FIN7 recruiter Andrii Kolpakov pleads guilty to role in global hacking scheme

The Ukrainian national faces up to 25 years in prison in the U.S. It's estimated that FIN7 stole about $1 billion overall.
credit cards, payment cards, data breach
(Getty Images)

One of the ringleaders of FIN7, a global hacking crew accused of stealing more than $1 billion by posing as a cybersecurity vendor, has admitted his role in the scheme.

Andrii Kolpakov pleaded guilty on Monday to conspiracy to commit wire and bank fraud and conspiracy to commit computer hacking as part of his involvement with FIN7. U.S. prosecutors had accused Kolpakov, a Ukrainian national, of working as a manager and recruiter for the crew, a role in which he hired and supervised computer specialists who spent their days stealing payment card information from dozens of companies, including Chipotle, Red Robin and Sonic Drive-In.

“During the course of the scheme, [Kolpakov] received compensation for his participation in FIN7, which far exceeds comparable legitimate employment in Ukraine,” the plea deal notes. “For the purposes of this plea agreement, the parties agree that — during [Kolpakov’s] participation in the malware scheme — FIN7 illegal activity resulted in over $100 million in losses to financial institutions, merchant processors, insurance companies, retail companies and individual cardholders.”

FIN7 is a notorious cybercrime group that’s attracted from international law enforcement agencies and an array of private security firms. Dozens of hackers worked as part of the scheme, according to the U.S. Justice Department, masquerading as a legitimate vendor called “Combi Security,” which presented itself as a penetration testing company. Rather than conducting security assessments, though, FIN7, would breach protected systems to steal credit data and other personal information.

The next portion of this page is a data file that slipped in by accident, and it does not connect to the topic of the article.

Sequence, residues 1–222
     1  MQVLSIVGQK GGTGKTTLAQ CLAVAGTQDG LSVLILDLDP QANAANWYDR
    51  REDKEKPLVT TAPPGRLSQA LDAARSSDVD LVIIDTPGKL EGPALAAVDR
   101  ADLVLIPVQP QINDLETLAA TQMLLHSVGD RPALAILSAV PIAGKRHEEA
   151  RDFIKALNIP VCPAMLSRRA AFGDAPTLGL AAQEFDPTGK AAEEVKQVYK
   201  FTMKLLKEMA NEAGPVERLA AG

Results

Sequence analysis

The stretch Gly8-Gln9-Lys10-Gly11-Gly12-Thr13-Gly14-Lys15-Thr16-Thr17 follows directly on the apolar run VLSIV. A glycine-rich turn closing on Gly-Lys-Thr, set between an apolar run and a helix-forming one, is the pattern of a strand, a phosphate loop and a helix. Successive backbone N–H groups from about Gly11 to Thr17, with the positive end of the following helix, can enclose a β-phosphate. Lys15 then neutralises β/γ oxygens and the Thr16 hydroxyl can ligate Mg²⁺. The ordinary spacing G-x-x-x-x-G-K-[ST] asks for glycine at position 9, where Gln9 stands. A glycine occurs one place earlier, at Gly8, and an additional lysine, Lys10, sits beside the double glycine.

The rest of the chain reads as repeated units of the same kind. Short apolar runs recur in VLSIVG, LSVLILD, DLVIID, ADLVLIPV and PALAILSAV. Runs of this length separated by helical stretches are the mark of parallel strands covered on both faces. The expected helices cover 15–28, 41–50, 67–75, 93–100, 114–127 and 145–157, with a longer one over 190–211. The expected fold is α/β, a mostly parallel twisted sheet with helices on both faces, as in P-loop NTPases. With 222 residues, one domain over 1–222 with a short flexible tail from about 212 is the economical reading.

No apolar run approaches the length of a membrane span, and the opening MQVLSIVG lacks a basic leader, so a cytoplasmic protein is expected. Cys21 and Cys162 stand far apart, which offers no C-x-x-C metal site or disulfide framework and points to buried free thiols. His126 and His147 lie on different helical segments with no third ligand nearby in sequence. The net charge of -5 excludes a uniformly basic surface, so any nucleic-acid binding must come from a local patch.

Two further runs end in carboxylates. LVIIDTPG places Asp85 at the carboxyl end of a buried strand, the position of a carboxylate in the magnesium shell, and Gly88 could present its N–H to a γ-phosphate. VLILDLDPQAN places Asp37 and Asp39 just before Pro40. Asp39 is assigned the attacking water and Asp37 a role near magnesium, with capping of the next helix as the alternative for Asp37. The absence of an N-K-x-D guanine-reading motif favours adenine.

Researchers have blamed the group for stealing more than $1 billion. The target list also included Whole Foods, Saks Fifth Avenue, Trump Hotels and other organizations with a wealth of customer payment data. Scammers still were using FIN7 malware into 2020, researchers have found.

Spanish police arrested Kolpakov in June 2018, ultimately extraditing him to the U.S. in 2019. Kolpakov was in possession of a laptop computer, multiple hard drives and a mobile phone containing “multiple thousands of payment card numbers” and usernames and passwords stolen from American companies, according to the plea deal.

Kolpakov now faces up to 25 years in prison under the terms of the plea deal.

Fedir Hladyr, another FIN7 member, pleaded guilty in September 2019. Hladyr’s sentencing is scheduled for Dec. 11.

Kolpakov’s plea agreement is available in full below.

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